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‘I Kill Giants’: Film Review

'I Kill Giants': Film Review

2:08 PM PDT 10/5/2017 by John DeFore

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Courtesy of XYZ Films

A sensitive and attractive, if not wholly convincing, pairing of fantasy with real-life turmoil. TWITTER

Anders Walter makes his feature debut adapting a graphic novel about a troubled, fantasy-prone girl.

A teenage girl flees from emotional trauma into a world of make-believe peril in I Kill Giants, Anders Walter's adaptation of the comic book by Joe Kelly. Set in a Northeastern coastal community and making good use of local scenery, the picture creates an inviting world while treading much the same ground as last year's England-set TIFF entry A Monster Calls. Though less persuasive than that J.A. Bayona film, this one will find admirers on the fest circuit, resonating especially with fantasy-lovers who felt like outcasts in school.

Madison Wolfe stars as Barbara, a loner who spends most of her time on the beach and in the forest, laying traps for the giants she believes are a constant threat to her town. Offering just enough glimpses of these monsters to keep us wondering if they perhaps are meant to be real, the film is unambiguous about the fact that Barbara is hurting. She and her brother are being raised by her big sister Karen (Imogen Poots), for reasons that aren't immediately explained, and she is all but friendless at school, where the new faculty therapist Mrs. Molle (Zoe Saldana) is working hard to connect with her.

The arrival of a new neighbor from Leeds, Sophia (Sydney Wade), seems promising. Thanks to Sophia's curiosity and British manners, she's soon drawing Barbara out, learning a bit about her strange rituals and personal mythology. She visits Barbara's fort-like "sanctuary" on the beach, where she learns (in attractively monochrome CG storytelling sequences) about the varieties of oversized villains the teen claims to be fending off.

Unsurprisingly, though, the story's most immediate threat is emotional. A combination of bullying from a girl (Rory Jackson) who may have once been her friend and the continued probing of Mrs. Molle prompts some publicly unhinged behavior on Barbara's part (including moments of violence viewers may not buy), and Sophia starts to wonder if her loyalty is misplaced. Soon, the fantastic world and that of everyday challenges will have to collide.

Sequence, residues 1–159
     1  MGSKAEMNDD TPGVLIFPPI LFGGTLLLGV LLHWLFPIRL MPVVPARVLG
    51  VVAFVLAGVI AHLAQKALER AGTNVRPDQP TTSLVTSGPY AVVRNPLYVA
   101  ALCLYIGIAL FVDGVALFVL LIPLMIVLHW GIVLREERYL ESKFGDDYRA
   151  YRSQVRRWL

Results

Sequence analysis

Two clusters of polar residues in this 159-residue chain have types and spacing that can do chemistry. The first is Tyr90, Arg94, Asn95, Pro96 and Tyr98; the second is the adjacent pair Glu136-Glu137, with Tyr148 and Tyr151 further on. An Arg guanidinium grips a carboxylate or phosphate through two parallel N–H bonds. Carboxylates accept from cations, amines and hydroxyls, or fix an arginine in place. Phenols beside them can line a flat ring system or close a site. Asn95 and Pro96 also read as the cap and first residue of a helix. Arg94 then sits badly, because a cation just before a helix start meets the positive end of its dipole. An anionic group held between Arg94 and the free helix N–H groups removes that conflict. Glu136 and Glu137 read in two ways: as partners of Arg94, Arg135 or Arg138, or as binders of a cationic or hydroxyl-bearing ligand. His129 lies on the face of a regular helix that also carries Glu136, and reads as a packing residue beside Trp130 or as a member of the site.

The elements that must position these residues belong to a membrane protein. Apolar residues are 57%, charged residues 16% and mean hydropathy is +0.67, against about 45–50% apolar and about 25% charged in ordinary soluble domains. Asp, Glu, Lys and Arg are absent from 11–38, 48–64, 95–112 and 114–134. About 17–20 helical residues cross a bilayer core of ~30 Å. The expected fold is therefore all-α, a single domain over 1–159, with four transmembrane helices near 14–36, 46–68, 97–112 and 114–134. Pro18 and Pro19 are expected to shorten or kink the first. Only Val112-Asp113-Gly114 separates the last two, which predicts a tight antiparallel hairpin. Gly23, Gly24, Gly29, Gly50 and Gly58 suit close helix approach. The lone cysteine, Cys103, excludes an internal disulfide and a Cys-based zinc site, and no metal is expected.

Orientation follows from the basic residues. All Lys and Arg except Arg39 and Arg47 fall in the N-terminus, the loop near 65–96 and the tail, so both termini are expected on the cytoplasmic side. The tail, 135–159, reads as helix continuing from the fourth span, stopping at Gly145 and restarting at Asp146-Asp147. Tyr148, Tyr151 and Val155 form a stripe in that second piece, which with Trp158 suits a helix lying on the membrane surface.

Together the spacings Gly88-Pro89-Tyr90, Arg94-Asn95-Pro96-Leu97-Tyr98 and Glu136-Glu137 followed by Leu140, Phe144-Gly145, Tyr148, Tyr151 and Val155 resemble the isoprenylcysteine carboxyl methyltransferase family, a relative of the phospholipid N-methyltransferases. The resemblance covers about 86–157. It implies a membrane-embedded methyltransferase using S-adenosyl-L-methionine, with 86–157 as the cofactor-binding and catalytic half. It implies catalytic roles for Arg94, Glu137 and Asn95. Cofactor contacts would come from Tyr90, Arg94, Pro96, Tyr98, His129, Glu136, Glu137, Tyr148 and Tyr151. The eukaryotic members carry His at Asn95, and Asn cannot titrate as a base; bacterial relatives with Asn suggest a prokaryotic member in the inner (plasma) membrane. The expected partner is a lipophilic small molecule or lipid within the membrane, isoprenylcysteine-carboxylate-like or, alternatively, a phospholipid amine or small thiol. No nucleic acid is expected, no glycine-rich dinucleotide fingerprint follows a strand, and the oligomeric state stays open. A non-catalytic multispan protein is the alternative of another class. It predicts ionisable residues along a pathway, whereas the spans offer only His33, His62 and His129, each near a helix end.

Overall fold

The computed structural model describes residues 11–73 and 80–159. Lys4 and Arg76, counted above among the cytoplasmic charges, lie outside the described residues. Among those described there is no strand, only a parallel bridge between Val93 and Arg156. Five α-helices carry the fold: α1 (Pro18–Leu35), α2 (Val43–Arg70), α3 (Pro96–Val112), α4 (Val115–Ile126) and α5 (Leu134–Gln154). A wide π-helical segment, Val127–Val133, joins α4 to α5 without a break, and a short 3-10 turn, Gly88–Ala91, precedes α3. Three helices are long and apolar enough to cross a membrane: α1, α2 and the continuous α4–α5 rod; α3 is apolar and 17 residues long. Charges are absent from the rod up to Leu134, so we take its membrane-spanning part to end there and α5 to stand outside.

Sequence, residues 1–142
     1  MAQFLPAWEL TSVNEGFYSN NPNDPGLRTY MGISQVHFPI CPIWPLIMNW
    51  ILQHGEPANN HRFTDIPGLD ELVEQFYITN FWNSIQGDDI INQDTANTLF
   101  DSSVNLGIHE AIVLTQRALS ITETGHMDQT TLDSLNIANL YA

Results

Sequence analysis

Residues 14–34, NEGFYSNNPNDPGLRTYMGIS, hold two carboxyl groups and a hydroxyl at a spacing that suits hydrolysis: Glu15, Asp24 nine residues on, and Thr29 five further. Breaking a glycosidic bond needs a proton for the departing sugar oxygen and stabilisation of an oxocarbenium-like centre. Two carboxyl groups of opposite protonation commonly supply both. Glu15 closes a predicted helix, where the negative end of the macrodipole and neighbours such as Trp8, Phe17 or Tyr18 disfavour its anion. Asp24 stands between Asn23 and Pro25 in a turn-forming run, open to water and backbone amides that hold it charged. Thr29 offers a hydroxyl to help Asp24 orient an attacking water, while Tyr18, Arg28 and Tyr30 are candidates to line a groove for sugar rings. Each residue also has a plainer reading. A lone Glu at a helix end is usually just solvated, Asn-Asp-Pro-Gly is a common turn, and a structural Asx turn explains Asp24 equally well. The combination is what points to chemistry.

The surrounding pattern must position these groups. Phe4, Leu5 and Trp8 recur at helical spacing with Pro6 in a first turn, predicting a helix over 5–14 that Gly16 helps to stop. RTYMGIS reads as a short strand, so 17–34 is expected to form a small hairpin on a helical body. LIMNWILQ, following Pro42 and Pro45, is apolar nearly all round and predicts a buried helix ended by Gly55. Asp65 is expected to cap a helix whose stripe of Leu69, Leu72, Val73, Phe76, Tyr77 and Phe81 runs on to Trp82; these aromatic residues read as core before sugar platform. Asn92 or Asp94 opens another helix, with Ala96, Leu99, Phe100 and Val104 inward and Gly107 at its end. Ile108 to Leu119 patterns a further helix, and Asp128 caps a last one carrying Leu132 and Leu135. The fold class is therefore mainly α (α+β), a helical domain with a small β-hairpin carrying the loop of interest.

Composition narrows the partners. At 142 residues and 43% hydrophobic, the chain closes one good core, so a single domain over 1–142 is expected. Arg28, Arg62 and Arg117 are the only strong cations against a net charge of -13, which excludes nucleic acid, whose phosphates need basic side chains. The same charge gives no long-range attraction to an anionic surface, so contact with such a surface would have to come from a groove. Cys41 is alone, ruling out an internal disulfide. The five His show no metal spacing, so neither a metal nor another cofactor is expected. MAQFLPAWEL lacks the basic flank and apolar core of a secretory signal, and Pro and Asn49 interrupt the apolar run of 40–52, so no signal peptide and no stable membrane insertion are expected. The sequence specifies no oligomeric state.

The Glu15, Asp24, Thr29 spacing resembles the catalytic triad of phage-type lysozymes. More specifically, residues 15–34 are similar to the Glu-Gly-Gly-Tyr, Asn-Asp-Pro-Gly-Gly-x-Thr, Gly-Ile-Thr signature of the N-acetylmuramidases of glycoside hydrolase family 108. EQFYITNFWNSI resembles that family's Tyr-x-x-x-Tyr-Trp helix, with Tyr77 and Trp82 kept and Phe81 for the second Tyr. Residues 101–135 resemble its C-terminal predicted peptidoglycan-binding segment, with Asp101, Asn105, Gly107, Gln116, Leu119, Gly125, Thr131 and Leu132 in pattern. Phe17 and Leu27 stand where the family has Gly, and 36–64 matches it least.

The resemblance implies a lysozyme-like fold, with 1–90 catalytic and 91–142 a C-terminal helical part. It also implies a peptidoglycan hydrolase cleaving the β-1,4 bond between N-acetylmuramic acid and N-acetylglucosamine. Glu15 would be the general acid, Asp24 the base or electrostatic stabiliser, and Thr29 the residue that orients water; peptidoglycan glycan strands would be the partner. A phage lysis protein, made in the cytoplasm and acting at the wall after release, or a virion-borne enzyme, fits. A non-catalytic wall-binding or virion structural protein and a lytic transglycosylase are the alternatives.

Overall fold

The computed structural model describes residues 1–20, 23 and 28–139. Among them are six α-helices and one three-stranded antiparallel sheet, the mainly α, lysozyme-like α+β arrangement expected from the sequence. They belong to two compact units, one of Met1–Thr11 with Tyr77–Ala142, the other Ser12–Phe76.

Though it pays considerable attention to its protagonist, Walter's film (with a script written by Kelly) never fully convinces us of her reality. At times, the movie seems secretly to be about Sophia or Mrs. Molle, working to keep a troubled girl from self-destructing, or about Karen, who is having to juggle domestic obligations with the start of her life and career. All three of them are sympathetic characters, and one can't help wondering if this quartet of young women would come to life more credibly with some female filmmakers behind the scenes. Barbara may have somehow stumbled into a corner of geeky obsession that is usually the territory of adolescent boys, after all; but that doesn't mean men with their own nerdy tendencies can necessarily understand her struggle.

Production companies: Umedia, Adonais Films, XYZ Films
Cast: Madison Wolfe, Zoe Saldana, Sydney Wade, Imogen Poots, Rory Jackson, Jennifer Ehle
Director: Anders Walter
Screenwriter: Joe Kelly
Producers: Chris Columbus, Michael Barnathan, Kyle Franke, Nick Spicer, Kim Magnusson, Adrian Politowski, Joe Kelly
Executive producers: Mark Radcliffe, Michelle Miller, Justin Nappi, Johanna Hogan, Nadia Khamlichi, Gilles Waterkeyn, James Gibb, Gordon Pugh, Peter Bevan, Martin Metz, Xinyue Sun, Wei Zou
Director of photography: Rasmus Heise
Production designer: Susie Cullen
Costume designer: Charlotte Willems
Editor: Lars Wissing
Composer: Laurent Perez Del Mar
Casting directors: Thyrza Ging, Louise Kiely, Barbara J. McCarthy
Venue: Toronto International Film Festival (Discovery)
Sales: XYZ Films

106 minutes

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  • John DeFore

    John DeFore

    THRnews@thr.com @thr

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